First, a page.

CU-Boulder Students Challenged to Develop Environmental Solutions in $30,000 Scholarship Competition

Published: Oct. 7, 2009

Engineering juniors and seniors at the University of Colorado at Boulder have the chance to win $30,000 in scholarship awards as part of a yearlong design competition aimed at generating possible solutions to the world's energy and environmental challenges.

The second annual "Environmental Footprint Reduction Challenge" is sponsored by the Halliburton Foundation, which awarded a total of $38,000 in awards to 16 students at the conclusion of the first contest in May.

Students will again work in teams of three to four to propose solutions to the challenge of meeting the world's future energy demands while maintaining the smallest environmental footprint possible.

Student teams will work with technical consultants from Halliburton to identify the most critical needs as energy companies pursue the more difficult to access "unconventional reserves," such as oil shale, coal bed methane and tight gas sands. The Halliburton Foundation also has provided $5,000 for supplies and other support.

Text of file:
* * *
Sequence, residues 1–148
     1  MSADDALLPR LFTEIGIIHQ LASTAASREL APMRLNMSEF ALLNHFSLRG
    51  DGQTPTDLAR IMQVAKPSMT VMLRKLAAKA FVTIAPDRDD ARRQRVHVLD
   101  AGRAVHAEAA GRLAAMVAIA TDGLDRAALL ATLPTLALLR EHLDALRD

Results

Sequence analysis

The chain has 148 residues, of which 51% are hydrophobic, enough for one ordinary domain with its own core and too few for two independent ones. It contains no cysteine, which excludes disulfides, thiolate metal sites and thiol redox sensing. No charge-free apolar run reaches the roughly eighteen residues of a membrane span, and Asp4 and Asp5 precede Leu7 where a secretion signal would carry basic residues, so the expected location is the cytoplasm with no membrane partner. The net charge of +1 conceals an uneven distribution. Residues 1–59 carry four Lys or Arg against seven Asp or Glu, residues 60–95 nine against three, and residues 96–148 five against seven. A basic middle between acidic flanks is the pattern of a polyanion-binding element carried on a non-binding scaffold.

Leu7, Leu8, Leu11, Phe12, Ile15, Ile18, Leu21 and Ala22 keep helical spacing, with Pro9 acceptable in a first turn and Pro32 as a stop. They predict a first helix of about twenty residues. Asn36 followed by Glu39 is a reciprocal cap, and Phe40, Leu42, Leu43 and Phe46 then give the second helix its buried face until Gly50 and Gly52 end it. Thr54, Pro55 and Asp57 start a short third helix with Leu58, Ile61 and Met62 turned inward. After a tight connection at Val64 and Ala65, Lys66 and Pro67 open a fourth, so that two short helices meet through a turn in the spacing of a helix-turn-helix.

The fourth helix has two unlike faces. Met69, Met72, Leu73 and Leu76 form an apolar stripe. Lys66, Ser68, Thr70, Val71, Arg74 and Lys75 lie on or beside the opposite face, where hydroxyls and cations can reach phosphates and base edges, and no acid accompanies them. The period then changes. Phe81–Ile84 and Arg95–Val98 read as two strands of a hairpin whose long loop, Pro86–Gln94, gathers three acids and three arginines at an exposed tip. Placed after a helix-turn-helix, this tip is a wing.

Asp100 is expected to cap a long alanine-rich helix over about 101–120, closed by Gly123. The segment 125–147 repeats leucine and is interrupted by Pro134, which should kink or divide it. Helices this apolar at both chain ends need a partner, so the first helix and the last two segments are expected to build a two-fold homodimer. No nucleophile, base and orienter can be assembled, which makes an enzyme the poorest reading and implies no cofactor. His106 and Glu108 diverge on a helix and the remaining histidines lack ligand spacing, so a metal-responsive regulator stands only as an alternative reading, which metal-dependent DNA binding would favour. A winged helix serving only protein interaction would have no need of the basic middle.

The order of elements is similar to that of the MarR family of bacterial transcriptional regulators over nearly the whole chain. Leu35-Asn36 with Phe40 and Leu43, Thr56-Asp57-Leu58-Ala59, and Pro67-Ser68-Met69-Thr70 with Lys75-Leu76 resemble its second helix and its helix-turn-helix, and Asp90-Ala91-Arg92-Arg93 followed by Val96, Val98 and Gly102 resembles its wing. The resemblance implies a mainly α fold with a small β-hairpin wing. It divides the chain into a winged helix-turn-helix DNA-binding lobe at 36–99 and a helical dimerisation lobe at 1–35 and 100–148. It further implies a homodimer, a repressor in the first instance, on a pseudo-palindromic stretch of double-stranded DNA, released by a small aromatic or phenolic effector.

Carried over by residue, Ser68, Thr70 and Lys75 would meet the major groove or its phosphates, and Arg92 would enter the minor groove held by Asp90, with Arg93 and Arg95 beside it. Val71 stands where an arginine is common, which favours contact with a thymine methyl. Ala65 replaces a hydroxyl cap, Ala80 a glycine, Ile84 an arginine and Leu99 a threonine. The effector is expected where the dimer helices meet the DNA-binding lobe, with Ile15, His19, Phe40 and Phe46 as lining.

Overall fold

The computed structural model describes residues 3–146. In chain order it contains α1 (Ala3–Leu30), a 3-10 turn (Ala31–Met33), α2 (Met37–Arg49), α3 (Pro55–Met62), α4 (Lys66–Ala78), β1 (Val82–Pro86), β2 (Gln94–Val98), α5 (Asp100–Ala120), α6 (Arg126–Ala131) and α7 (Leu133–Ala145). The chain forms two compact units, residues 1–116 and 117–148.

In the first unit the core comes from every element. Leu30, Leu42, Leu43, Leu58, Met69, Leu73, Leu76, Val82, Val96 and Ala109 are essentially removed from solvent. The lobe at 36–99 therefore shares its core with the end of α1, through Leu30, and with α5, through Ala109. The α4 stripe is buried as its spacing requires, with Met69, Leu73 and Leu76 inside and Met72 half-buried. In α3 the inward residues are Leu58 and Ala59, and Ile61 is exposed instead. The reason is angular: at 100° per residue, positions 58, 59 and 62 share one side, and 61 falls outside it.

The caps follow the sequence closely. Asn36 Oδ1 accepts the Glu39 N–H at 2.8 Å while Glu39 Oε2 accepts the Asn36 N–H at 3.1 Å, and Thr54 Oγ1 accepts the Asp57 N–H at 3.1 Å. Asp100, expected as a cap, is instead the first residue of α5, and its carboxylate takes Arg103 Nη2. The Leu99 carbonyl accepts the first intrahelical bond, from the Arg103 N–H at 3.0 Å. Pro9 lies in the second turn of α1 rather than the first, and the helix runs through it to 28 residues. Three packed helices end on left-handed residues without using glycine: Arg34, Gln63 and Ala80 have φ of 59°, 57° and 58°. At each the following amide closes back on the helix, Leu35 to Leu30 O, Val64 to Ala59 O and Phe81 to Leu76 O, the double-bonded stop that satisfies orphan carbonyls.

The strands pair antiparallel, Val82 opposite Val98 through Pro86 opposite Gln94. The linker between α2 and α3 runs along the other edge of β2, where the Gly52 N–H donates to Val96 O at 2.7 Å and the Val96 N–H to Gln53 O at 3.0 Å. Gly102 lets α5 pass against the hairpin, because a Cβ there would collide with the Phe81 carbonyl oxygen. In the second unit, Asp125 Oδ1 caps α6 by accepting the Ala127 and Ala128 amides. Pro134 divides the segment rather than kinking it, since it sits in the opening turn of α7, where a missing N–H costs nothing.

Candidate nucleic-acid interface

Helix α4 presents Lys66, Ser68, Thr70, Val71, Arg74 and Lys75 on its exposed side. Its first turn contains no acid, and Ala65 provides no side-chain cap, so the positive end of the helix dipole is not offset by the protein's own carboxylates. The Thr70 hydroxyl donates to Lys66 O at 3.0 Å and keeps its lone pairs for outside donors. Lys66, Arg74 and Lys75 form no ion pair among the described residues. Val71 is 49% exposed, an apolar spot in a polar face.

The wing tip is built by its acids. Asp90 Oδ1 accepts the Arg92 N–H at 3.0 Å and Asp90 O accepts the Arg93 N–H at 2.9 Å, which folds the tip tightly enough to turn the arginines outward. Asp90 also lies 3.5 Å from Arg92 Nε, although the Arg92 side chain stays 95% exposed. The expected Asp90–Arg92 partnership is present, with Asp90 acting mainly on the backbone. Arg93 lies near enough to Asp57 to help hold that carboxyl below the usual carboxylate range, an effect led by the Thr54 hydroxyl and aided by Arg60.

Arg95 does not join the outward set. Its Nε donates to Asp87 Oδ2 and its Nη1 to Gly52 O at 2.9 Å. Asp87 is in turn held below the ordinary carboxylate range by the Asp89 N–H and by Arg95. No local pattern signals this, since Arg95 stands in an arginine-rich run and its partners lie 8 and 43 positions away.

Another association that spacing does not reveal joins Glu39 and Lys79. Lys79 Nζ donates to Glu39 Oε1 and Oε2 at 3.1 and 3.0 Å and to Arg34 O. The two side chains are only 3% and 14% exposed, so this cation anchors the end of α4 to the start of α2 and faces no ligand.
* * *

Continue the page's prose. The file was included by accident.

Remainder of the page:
"It is exciting for us to see the creative minds of future energy industry employees at work," said Halliburton Northern Region Cementing Manager Jeff Coburn. "One of Halliburton's primary objectives is continuous improvement in environmental responsibility. We look forward to the results of this contest."

Angela Bielefeldt, associate professor of environmental engineering, is one of several faculty advisers working with students on the challenge.

"The Environmental Engineering Program has a new 'energy option' for our students, and this gives the students a great idea of the real-world challenges facing environmental engineers who work with the energy sectors," Bielefeldt said. "Considering environmental impacts in the broadest sense of air, water and soil pollution and sustainability from the environmental, economic and social perspectives really illustrates the complexity of these situations to students in a much more tangible way than simple homework problems or class lectures. "